Homeracing

The $2 Win-Place Format & Contest Selection

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Barry Spears

June 7th, 2016

Handicapping contests come in all shape, sizes and lengths. It can be a difficult, and sometimes overwhelming, task to choose which contest to play and why. Several factors are involved with making this kind of decision about handicapping contests, which include the type of contest, how many players will be in the contest, the sequence of races involved, and the cost associated with entry into the contest. All of these factors contribute to a contest player being able to put themselves in position to win contests and be a successful contest player

First, we will take a look at some types of contests available. I'm going to concentrate on two of the most common types that you will see in the handicapping contest world.
  1. The $2 WP Handicapping ContestScores are calculated according to the actual payouts of the race results. The payouts are based on $2 Win and $2 Place prices that the winner and 2nd place finisher pay as determined by the track involved. However, the payout cap (maximum score) is $42 in the win spot, and $22 in the place spot. In this format, you can make and/or change your selection up until post time of the particular contest race involved. The total payout at the end of the contest is your score. The player with the highest score wins the contest.
  2. The $2 WP Handcuff Handicapping ContestScores are calculated according to the actual payouts of the race results. The payouts are based on $2 Win and $2 Place prices that the winner and 2nd place finisher pay as determined by the track involved. However, the payout cap (maximum score) is $42 in the win spot, and $22 in the place spot. In this format, all selections for each contest race must be made BEFORE the 1st race of the contest is run. You are not able to make any changes to your selections after the 1st race of the contest, which leads to the “Handcuff” name of the type of contest. The total payout at the end of the contest is your score. The player with the highest score wins the contest.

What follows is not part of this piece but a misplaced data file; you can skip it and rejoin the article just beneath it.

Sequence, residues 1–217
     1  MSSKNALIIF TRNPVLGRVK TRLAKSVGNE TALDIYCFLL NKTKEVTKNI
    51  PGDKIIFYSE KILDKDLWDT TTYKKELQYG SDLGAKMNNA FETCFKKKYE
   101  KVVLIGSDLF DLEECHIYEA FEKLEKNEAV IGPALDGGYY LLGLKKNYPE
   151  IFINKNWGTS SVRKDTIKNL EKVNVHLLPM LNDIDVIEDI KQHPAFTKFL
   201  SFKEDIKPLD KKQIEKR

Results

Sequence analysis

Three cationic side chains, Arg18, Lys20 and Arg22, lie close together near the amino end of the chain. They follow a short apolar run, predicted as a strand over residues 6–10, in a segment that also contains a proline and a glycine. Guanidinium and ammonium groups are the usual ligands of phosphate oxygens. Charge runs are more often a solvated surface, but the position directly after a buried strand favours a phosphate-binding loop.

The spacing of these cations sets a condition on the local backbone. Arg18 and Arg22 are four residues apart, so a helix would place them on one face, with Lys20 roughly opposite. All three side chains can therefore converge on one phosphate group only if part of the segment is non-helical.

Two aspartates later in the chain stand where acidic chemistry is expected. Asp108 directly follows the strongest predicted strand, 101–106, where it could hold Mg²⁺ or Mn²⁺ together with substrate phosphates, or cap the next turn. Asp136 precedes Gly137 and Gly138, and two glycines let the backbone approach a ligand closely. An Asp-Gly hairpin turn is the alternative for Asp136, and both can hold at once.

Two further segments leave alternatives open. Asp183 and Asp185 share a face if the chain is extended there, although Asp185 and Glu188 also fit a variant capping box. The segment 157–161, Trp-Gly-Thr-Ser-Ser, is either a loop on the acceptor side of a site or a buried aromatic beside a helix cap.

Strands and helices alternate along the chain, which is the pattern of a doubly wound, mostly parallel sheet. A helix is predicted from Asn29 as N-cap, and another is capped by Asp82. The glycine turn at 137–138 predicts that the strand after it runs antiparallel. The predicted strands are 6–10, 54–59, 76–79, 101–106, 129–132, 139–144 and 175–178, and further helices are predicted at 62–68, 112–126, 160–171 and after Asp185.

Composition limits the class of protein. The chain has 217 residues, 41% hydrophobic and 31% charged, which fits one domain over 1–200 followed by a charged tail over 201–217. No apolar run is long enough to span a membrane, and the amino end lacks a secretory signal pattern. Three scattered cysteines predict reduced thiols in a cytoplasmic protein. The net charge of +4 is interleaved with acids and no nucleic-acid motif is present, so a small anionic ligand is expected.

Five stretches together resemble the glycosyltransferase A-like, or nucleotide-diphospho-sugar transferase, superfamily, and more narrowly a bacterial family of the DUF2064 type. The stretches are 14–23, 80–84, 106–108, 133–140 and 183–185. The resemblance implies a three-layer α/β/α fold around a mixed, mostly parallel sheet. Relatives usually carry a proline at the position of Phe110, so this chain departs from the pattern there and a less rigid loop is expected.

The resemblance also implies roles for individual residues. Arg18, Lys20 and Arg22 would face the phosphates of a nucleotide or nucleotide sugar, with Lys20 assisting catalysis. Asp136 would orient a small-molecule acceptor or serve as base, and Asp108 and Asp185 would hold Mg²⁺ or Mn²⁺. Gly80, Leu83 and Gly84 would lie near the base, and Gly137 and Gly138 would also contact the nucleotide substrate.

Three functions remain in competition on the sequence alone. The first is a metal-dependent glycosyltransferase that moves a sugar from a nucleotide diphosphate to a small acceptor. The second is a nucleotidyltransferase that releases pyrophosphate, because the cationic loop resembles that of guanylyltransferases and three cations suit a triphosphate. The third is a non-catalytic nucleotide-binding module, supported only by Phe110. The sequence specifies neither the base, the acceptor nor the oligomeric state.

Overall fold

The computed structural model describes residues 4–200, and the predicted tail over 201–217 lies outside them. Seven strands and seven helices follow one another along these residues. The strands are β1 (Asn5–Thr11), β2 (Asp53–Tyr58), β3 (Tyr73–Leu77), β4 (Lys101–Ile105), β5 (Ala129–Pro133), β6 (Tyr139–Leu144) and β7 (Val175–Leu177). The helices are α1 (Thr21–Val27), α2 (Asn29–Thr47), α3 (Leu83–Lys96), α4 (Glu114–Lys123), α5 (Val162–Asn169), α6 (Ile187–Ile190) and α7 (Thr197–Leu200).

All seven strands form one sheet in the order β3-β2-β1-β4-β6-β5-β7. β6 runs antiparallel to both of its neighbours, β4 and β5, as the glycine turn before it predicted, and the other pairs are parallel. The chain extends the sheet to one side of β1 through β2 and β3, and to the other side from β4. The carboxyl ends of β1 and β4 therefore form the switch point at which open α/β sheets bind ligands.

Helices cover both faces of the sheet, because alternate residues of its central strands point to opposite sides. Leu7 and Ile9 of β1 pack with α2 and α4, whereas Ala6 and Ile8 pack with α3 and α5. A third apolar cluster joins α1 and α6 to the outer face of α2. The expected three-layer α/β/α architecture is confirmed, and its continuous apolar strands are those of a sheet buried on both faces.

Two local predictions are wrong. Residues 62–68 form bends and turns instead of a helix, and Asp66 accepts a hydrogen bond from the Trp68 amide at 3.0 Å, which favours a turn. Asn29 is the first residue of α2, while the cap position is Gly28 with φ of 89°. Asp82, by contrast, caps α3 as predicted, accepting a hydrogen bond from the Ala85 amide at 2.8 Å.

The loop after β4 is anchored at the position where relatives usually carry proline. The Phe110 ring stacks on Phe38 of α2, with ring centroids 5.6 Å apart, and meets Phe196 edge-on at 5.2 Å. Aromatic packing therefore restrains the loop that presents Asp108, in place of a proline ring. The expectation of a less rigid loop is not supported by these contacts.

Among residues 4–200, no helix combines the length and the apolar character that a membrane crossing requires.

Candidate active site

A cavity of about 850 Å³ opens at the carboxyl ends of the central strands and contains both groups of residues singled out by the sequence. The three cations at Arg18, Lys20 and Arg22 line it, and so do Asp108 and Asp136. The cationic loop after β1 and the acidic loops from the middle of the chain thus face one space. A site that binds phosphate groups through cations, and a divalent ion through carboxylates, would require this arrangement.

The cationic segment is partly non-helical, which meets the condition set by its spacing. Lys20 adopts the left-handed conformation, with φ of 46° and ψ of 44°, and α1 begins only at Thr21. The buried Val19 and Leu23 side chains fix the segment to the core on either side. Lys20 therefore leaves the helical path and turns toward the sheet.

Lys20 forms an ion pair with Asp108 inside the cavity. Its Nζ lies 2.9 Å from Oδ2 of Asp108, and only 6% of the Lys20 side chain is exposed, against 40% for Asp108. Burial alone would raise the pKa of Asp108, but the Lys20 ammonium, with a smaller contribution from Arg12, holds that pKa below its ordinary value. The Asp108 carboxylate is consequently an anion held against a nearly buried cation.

There are certainly more types of handicapping contests than just these two. The $2 Win-Place format remains to be the most common format out there. The nuance of the “handcuff” provision changes the game slightly and certainly alters the strategy used. In future blog postings I will go deeper into these and other types of contests as well as strategy involved.

In regard to the $2 WP formats discussed the contest player has to decide whether or not to get involved in a particular handicapping tournament on a given day. As a handicapping contest player, you always want to accentuate the positive. Find a sequence of races within a contest that highlights the best part of your handicapping. If you excel with maiden races, try to find a contest that has a few maiden races in the sequence. If you are great with picking winners in stakes races, you may want to play on a big day with a lot of stakes races on a card. Keep in mind that being selective in the contests you enter will aid your efforts in improving your contest play greatly. Playing too many tournaments and especially those that do not highlight your strengths as a handicapper can slow down your improvement and confidence while playing contests. Ideally, you want to put yourself in the best possible situation to maximize your chance of winning any handicapping contest you decide to enter
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